Journal of Business Economics

, Volume 85, Issue 4, pp 349–387 | Cite as

Information technology as daily stressor: pinning down the causes of burnout

  • Christian MaierEmail author
  • Sven Laumer
  • Andreas Eckhardt
Original Paper


The research presented in this article aims to identify information technology-related stressors in daily work life that might contribute to burnout. We provide a detailed analysis of techno- and work-stressors, techno- and work-exhaustion, as well as the consequences of and interrelations among these perceptions. Techno-stressors and techno-exhaustion are theorized as antecedents of work-stressors, work-exhaustion, and work-related outcomes, such as job satisfaction, organizational commitment, and turnover intention. The proposed model assesses whether using information technology (IT) or other work-stressors cause exhaustion and consequently negative outcomes in terms of low job satisfaction, low organizational commitment, and high turnover intention. The results of an empirical study with 306 employees show that IT usage causes exhaustion because techno-stressors contribute to techno-exhaustion, which in turn influences work-exhaustion significantly. Our results also reveal that work-exhaustion negatively impacts job satisfaction, organizational commitment, and turnover intention, whereas techno-exhaustion only indirectly causes these psychological and behavioral responses through work-exhaustion. Finally, post hoc analyses identify that employees who use IT as a supporting tool for their daily work process (such as HR workers) report higher levels of techno-exhaustion than employees for whom IT is the core of their work (IT professionals, such as software developers).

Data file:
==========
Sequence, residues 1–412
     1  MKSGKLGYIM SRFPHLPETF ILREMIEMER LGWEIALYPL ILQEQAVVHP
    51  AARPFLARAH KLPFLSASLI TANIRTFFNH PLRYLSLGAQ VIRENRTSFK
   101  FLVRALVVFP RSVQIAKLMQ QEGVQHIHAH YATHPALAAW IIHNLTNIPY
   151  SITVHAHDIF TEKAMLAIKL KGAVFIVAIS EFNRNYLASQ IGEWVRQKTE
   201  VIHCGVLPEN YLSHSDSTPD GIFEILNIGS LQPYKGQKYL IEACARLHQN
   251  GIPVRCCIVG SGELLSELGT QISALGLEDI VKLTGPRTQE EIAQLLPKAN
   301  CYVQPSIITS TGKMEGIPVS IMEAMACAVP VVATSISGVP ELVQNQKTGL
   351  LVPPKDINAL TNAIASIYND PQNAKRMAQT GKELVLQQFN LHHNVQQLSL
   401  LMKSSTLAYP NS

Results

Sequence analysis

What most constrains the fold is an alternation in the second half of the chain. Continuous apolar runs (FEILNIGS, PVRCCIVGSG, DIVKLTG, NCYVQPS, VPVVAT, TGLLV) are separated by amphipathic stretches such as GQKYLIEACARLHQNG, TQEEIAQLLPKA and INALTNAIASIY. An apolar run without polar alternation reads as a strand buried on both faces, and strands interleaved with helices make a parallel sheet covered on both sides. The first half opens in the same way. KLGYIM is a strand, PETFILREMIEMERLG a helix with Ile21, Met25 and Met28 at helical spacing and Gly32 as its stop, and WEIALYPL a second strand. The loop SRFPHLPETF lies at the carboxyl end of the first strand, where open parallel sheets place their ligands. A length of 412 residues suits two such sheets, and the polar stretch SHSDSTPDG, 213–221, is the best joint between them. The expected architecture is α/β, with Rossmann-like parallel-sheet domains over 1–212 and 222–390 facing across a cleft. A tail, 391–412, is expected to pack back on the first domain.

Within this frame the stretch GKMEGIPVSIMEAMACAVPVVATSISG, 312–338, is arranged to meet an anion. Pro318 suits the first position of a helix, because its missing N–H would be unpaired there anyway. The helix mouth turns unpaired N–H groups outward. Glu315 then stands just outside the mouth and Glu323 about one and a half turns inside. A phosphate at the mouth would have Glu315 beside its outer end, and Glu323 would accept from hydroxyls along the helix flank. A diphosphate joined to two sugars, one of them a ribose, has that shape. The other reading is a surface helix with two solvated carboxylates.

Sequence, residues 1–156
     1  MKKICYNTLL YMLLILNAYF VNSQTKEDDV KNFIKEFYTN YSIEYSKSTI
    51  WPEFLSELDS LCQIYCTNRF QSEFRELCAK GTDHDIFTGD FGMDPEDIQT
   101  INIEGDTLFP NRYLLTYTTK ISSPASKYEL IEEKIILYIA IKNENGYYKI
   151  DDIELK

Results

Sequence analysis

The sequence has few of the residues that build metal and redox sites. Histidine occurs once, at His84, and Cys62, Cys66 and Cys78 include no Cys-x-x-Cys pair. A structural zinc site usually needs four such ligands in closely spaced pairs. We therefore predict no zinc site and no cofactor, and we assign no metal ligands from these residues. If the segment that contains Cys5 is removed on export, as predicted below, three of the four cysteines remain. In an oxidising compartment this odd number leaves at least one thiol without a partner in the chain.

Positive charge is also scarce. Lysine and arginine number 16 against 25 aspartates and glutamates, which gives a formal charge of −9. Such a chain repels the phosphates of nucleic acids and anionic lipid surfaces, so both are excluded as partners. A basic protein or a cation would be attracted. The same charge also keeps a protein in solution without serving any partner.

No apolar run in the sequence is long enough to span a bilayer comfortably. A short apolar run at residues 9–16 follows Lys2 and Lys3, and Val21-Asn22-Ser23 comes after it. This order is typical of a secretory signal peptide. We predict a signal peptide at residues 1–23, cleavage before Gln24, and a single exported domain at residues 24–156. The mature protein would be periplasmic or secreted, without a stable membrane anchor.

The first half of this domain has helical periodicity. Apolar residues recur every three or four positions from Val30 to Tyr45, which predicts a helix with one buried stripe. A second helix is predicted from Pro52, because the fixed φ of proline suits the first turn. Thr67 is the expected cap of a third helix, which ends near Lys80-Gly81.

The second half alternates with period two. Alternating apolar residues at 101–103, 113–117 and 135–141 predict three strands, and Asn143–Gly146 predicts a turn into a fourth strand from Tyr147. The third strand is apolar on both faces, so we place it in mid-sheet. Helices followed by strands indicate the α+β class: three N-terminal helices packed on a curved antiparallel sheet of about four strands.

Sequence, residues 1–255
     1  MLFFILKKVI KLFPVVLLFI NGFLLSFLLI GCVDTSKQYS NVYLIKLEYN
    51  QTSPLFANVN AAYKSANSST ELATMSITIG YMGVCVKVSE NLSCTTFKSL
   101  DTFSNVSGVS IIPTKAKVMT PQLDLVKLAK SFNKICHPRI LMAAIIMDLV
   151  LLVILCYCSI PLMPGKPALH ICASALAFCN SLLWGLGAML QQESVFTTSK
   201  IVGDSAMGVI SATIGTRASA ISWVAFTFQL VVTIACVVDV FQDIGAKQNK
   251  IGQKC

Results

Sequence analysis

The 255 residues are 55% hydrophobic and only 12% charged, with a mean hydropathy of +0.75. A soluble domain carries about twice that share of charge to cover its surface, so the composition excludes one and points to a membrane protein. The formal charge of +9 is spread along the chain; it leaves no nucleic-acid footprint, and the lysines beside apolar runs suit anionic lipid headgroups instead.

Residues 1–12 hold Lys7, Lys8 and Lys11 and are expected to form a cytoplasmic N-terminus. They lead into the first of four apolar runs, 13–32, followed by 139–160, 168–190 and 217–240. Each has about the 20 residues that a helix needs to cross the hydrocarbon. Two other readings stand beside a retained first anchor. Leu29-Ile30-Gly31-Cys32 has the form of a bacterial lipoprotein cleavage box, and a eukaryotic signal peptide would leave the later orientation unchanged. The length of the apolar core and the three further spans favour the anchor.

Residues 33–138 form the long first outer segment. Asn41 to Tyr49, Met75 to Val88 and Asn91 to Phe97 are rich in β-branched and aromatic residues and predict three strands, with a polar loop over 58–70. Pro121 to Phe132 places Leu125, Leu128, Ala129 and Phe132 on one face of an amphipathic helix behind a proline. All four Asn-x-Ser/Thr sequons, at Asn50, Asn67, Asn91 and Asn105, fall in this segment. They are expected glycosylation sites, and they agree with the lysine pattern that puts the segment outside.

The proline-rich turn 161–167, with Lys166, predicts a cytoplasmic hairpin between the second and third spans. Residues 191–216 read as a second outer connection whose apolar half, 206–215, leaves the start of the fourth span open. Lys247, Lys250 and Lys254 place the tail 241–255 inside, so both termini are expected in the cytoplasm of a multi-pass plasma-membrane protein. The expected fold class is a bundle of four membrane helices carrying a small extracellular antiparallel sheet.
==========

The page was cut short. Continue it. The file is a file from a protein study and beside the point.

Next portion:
Techno-stress Work-stress Techno-exhaustion Work-exhaustion IT professionals Job satisfaction Turnover intention Organizational commitment 

JEL Classification

M15 O15 O33 


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Copyright information

© Springer-Verlag Berlin Heidelberg 2014

Authors and Affiliations

  • Christian Maier
    • 1
    Email author
  • Sven Laumer
    • 1
  • Andreas Eckhardt
    • 2
  1. 1.Lehrstuhl für Wirtschaftsinformatik, insb. Informationssysteme in Dienstleistungsbereichen, Centre of Human Resources Information SystemsOtto-Friedrich Universität BambergBambergGermany
  2. 2.Goethe-Universität Frankfurt am MainInstitut für Wirtschaftsinformatik, Centre of Human Resources Information SystemsFrankfurt am MainGermany

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